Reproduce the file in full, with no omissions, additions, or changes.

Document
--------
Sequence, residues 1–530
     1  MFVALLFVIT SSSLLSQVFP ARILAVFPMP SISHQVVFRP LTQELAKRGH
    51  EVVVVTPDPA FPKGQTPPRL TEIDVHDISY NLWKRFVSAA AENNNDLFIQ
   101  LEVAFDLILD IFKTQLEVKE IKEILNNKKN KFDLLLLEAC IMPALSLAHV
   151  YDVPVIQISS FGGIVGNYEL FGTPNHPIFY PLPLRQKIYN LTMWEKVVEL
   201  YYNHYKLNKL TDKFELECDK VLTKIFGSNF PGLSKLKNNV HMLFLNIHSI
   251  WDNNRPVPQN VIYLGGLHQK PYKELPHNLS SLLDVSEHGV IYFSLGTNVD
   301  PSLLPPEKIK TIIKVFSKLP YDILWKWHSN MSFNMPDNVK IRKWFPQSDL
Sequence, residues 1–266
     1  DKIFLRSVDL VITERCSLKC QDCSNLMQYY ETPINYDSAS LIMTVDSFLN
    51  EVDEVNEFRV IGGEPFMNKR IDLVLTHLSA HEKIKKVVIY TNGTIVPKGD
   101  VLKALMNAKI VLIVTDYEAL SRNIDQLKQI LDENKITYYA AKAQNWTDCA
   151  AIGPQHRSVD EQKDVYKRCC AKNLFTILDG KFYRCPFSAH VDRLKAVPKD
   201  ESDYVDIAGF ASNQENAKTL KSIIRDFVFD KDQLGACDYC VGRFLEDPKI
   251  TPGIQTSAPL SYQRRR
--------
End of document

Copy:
Sequence, residues 1–530
     1  MFVALLFVIT SSSLLSQVFP ARILAVFPMP SISHQVVFRP LTQELAKRGH
    51  EVVVVTPDPA FPKGQTPPRL TEIDVHDISY NLWKRFVSAA AENNNDLFIQ
   101  LEVAFDLILD IFKTQLEVKE IKEILNNKKN KFDLLLLEAC IMPALSLAHV
   151  YDVPVIQISS FGGIVGNYEL FGTPNHPIFY PLPLRQKIYN LTMWEKVVEL
   201  YYNHYKLNKL TDKFELECDK VLTKIFGSNF PGLSKLKNNV HMLFLNIHSI
   251  WDNNRPVPQN VIYLGGLHQK PYKELPHNLS SLLDVSEHGV IYFSLGTNVD
   301  PSLLPPEKIK TIIKVFSKLP YDILWKWHSN MSFNMPDNVK IRKWFPQSDL
Sequence, residues 1–266
     1  DKIFLRSVDL VITERCSLKC QDCSNLMQYY ETPINYDSAS LIMTVDSFLN
    51  EVDEVNEFRV IGGEPFMNKR IDLVLTHLSA HEKIKKVVIY TNGTIVPKGD
   101  VLKALMNAKI VLIVTDYEAL SRNIDQLKQI LDENKITYYA AKAQNWTDCA
   151  AIGPQHRSVD EQKDVYKRCC AKNLFTILDG KFYRCPFSAH VDRLKAVPKD
   201  ESDYVDIAGF ASNQENAKTL KSIIRDFVFD KDQLGACDYC VGRFLEDPKI
   251  TPGIQTSAPL SYQRRR